3. OHIO. No, not the state. It stands for “Only handle it once.” Don’t think it’s a big deal if you let that email sit for a few days? Wrong. Having a million tasks– even if they’re small– is like having a million mental tabs open. If you remember that you haven’t spoken to your family in 2 weeks, don’t put it on the ever-expanding to-do list. Only handle it once…meaning, just do it immediately. Keeping a short list of things to do will reduce your stress in the long run.
  4. Positive affirmations. Instead of just checking things off a to-do list, people can often find it beneficial to write an “I’ve Done” list. Write a list of things you accomplished that day, along with things you did really well. Even if it’s a small task (like taking out the garbage) reminding yourself of your accomplishments can have seriously positive effects!
  5. Spend time with friends. Isolating yourself is guaranteed to amplify all negative and stressful emotions you have during exams week. Eat with people, study with people, get coffee with people. Do not (I repeat: do NOT) lock yourself up in your room or apartment alone. You need your people, especially when things get tough.
  6. Sleep, eat, and shower. While this seems obvious, students often fail to prioritize basic human necessities during stressful academic weeks. Please…take care of yourself. Sleep 7-8 hours a night, drink your water, eat food, and shower. Your body and mind will thank you when this is all over.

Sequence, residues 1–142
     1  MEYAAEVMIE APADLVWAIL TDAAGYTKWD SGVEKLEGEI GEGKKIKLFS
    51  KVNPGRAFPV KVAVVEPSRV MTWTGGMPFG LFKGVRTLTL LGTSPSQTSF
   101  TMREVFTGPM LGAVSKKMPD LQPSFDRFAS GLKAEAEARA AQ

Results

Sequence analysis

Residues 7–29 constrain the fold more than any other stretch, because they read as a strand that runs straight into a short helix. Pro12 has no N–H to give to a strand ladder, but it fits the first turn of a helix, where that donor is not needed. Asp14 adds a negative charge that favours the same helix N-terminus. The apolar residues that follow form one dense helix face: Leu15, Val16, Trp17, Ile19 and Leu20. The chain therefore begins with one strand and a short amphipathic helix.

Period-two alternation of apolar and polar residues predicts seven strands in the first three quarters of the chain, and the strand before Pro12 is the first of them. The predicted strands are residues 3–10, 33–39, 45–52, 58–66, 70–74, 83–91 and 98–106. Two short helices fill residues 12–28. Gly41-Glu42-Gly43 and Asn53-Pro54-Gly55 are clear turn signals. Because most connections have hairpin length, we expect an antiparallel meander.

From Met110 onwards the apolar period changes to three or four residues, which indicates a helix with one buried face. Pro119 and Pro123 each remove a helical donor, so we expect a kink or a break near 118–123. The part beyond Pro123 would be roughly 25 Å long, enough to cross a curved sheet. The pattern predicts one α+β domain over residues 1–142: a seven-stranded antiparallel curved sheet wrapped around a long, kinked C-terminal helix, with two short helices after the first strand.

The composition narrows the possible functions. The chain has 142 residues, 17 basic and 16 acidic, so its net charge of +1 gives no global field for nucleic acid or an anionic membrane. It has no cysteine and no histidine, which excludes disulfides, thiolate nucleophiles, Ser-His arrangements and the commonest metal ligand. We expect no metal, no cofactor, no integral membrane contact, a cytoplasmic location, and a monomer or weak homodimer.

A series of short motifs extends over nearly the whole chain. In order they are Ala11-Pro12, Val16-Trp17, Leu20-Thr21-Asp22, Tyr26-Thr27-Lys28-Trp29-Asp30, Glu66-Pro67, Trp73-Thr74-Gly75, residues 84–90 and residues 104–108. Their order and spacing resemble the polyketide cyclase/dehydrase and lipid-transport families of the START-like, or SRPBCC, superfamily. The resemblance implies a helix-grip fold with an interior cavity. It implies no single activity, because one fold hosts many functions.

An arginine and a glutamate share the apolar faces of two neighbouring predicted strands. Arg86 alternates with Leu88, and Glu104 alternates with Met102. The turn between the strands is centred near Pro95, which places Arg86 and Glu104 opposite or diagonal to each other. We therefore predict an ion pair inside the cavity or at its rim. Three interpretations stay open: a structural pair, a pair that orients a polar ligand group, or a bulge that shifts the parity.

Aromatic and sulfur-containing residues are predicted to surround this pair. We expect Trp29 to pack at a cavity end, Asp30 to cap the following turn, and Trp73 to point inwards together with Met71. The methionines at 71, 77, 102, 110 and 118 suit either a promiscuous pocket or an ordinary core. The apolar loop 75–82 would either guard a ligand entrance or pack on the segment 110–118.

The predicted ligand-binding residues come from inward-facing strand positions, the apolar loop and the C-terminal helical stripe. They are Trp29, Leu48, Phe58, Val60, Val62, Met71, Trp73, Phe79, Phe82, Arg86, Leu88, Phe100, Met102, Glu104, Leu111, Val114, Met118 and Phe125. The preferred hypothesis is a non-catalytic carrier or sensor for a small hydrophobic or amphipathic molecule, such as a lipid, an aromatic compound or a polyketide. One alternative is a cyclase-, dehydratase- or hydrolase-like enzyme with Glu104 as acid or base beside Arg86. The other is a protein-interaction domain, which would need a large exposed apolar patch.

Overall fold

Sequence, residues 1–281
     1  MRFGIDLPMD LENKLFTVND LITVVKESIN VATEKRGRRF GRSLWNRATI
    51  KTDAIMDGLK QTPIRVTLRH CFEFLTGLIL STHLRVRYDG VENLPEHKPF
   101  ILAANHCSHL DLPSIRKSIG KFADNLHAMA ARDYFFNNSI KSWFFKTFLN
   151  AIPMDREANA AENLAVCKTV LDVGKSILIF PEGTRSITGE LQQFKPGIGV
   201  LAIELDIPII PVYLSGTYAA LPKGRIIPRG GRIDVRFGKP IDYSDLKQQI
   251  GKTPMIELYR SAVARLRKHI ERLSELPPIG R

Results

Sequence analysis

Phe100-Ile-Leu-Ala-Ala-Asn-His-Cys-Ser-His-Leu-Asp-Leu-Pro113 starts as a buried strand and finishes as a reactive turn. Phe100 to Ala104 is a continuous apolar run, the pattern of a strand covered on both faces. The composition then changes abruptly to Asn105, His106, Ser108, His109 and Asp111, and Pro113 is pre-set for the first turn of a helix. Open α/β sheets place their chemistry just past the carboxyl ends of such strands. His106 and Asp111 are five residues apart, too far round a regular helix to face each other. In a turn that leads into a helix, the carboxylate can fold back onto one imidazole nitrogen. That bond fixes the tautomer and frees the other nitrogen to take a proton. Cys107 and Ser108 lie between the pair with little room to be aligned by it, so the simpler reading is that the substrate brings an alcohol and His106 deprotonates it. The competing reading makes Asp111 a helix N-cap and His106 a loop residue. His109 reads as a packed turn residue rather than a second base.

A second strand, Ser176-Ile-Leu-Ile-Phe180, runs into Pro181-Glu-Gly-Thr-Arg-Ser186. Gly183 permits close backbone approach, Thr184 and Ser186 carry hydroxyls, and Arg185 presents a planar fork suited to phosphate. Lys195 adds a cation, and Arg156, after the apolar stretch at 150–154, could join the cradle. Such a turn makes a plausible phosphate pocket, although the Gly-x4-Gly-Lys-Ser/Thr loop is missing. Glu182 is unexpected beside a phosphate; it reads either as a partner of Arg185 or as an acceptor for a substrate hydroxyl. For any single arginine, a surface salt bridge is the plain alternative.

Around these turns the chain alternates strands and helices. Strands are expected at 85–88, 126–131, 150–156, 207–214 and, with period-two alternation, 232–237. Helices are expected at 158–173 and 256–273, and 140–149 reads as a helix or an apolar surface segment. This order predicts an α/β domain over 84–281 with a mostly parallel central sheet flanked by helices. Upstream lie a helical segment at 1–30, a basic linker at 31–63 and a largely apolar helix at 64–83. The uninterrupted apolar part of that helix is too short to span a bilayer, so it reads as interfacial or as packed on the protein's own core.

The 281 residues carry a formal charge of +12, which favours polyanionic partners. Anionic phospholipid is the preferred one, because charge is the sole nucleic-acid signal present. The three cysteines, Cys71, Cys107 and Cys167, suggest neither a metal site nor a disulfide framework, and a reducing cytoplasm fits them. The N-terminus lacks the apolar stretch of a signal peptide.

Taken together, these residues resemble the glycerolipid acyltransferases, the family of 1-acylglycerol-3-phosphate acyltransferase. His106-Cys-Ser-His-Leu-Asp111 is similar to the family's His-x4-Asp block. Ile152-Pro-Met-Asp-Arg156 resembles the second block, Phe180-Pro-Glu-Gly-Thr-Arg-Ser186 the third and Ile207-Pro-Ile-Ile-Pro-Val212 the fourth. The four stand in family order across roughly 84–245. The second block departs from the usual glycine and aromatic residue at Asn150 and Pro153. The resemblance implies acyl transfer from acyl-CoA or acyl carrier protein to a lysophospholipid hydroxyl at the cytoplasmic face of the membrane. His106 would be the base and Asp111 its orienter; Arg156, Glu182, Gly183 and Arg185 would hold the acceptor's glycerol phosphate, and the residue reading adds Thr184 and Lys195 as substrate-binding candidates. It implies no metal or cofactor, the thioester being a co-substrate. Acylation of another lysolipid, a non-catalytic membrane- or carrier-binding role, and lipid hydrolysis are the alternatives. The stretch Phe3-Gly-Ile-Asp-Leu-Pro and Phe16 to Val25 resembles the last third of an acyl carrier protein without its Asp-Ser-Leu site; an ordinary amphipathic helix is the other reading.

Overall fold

7. Seek counseling. If you feel like college always makes your midterm-level stressed, you might want to consider talking to a professional about more effective and long-term ways to manage stress or anxiety. Visit the Counseling Center’s website here.

Happy studying Wildcats, and good luck!


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Happy Hacktoberfest!

  • Posted by: Daniella Snyder
  • Posted Date: October 7, 2019
  • Filed Under: Library News

By Chris Hallberg, Library Technology Developer

Open-source software is an amazing movement in today’s programming environment. By sharing the code behind programs, open-source projects empower online communities to create quality programs that are available for free. These collaborations celebrate transparency and inclusion, improving the landscape of development in many ways. Many of the programs you likely use are developed by open-source communities. The Firefox and Chrome browsers, the Android operating system, and many websites are entirely or use open-source software.